The ‘official’ appeal for crochet and knitted items this year was for little woolly sheep. They are going on display in the festival venue and will be auctioned and sold off to raise much needed funds for the Martin House children’s hospice in Boston Spa. This appeal struck a chord with me, as I was fortunate enough to visit Martin House with my job in the days before having Little Postcards of my own. It’s a truly wonderful place, so positive and friendly and a very much needed resource for the families who use it’s services.

In the spirit of my Gibraltar bunting from three years ago, I created Llanita, the Gibraltar Yarndale sheep. You can read all about her in this post : The adventures of Llanita, the Gibraltar Yarndale sheep.

Well, you can probably gather I am a keen (if distant) supporter of the Yarndale festival and I have really wished I could attend each year it has been held. This year, my patience has paid off because I’M GOING TO YARNDALE!!!!! Sorry – did that come over a bit shouty? I’m more than a little bit giddy at the prospect. I have Mr Postcard to thank for it, it’s my birthday present from him you see.

So on Friday I am going to follow in Llanita’s footsteps and fly off to Yarndale myself – I cannot wait!! I promise I’ll take loads of pictures when I’m there and share them on my return. I will have to really rein myself in and not be paying for excess baggage on the return flight – we don’t want the plane weighed down with too many yarny purchases do we?! 😉

Until next time, thank you for stopping by!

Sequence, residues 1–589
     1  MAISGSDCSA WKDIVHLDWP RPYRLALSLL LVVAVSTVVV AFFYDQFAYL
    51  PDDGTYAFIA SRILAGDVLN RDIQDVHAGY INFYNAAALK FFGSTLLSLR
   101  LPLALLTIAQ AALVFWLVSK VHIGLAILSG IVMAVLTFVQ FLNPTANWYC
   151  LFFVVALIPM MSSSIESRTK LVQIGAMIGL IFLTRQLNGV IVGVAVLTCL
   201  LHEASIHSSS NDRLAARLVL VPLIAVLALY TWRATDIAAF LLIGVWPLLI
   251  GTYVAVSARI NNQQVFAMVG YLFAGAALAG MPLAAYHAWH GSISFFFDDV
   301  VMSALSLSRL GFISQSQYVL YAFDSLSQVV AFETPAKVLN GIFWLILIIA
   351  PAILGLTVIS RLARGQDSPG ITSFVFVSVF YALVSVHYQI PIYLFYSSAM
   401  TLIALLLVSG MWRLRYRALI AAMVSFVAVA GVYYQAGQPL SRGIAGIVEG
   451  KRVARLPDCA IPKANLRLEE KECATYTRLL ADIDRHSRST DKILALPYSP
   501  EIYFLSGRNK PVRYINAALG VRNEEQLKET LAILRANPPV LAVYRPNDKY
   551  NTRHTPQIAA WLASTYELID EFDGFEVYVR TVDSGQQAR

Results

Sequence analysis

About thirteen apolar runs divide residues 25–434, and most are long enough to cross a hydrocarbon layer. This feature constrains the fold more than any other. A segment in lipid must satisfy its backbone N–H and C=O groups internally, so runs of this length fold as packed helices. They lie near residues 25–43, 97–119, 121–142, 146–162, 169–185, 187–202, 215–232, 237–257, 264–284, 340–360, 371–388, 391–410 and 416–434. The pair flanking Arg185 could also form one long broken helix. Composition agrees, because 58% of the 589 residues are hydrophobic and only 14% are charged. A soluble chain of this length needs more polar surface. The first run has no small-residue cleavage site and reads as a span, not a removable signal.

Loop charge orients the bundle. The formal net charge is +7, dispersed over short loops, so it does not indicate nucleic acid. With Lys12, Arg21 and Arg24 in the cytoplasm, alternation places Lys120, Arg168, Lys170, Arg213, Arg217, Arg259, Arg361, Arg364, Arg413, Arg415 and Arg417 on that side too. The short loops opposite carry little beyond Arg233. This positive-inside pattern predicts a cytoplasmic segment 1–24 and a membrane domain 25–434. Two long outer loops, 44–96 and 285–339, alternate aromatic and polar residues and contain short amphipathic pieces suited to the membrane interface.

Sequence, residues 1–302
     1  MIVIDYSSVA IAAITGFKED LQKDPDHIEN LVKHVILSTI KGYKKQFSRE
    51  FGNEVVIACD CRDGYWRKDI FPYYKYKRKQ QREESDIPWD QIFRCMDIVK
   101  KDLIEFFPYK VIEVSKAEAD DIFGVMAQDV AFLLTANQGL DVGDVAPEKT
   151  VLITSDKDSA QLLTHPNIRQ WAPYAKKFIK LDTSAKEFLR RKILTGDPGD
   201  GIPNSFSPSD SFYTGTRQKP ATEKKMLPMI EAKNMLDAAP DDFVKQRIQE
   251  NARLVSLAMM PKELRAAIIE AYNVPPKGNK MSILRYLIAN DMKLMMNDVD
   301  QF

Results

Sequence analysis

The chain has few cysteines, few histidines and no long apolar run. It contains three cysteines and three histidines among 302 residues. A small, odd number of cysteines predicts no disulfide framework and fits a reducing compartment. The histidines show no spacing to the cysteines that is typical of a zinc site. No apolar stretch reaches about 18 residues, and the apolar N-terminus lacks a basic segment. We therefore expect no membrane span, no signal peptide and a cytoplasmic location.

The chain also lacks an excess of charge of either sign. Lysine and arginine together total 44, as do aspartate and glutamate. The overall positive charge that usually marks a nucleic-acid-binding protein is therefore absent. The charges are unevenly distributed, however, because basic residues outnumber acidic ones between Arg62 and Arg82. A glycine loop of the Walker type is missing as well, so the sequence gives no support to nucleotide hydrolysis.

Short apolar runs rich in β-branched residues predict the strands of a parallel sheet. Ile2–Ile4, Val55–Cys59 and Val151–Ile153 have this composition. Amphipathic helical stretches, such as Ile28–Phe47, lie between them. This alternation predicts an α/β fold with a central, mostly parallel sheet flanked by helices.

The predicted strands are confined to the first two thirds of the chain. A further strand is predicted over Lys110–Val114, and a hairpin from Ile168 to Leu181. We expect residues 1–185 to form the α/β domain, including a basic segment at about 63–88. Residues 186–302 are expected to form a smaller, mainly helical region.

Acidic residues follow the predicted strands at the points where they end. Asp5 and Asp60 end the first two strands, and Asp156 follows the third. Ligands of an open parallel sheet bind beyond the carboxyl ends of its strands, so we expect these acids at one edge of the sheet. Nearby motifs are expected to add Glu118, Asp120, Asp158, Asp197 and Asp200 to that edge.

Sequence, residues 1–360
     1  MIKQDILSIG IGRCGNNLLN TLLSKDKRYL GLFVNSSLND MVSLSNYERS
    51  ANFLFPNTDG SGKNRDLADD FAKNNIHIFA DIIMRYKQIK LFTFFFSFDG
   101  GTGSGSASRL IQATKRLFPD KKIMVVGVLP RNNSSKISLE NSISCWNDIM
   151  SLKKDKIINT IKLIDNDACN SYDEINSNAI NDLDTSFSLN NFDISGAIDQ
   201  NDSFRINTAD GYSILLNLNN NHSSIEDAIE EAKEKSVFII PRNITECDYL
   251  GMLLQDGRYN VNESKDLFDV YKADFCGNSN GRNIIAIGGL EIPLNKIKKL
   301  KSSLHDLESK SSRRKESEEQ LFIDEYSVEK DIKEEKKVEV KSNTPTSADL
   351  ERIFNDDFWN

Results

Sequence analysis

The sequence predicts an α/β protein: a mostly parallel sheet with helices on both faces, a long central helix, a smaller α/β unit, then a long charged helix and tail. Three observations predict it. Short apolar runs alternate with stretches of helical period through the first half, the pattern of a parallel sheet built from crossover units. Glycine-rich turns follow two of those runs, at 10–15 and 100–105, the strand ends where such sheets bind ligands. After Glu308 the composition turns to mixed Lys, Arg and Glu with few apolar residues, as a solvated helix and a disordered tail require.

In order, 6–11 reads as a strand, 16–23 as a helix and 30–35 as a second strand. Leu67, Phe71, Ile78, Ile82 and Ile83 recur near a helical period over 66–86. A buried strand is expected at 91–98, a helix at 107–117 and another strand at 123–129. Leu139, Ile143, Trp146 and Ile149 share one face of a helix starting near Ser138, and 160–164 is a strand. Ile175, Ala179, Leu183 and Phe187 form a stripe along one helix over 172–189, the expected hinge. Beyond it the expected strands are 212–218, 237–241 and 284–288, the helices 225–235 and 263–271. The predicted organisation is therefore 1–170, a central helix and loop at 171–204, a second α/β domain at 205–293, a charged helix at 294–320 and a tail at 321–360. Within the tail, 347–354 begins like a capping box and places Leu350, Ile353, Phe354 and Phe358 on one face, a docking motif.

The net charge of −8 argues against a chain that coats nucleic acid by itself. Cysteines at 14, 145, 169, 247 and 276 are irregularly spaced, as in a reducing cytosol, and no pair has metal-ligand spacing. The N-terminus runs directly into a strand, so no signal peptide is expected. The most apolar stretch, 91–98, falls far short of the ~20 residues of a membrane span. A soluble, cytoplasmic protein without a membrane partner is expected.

The adventures of Llanita, the Gibraltar Yarndale sheep

Llanita, the Gibraltar Yarndale sheep

Introducing Llanita, Gibraltar’s very own Yarndale sheep. For those of you unfamiliar with Yarndale, it’s a festival of all things woolly which takes place in Skipton, North Yorkshire in September. It’s in it’s fourth year now and each year, the organisers ask for crocheters and knitters to contribute a little item to decorate the festival, and as with last year’s event, those items will be used to generate funds for a local charity.

Baa!
 
In past years they have asked for bunting triangles, mandalas and flowers. This year, they have asked people to contribute little knitted or crocheted sheep. I have contributed to this effort in the past and couldn’t resist sending a Gibraltar representative to Yarndale again. 

The charity they are supporting this year is the wonderful Martin House Hospice for children & young people. Many years ago before having small people of my own, I was lucky enough to visit this marvelous place through my job. It is a magical place where everyone is greeted with a smile, so positive and uplifting. 

Before Llanita was packaged up and sent off, I couldn’t resist having a little bit of fun with her … she’s been around the Rock on a bit of an adventure, and even got lost! Here’s what she’s been up to: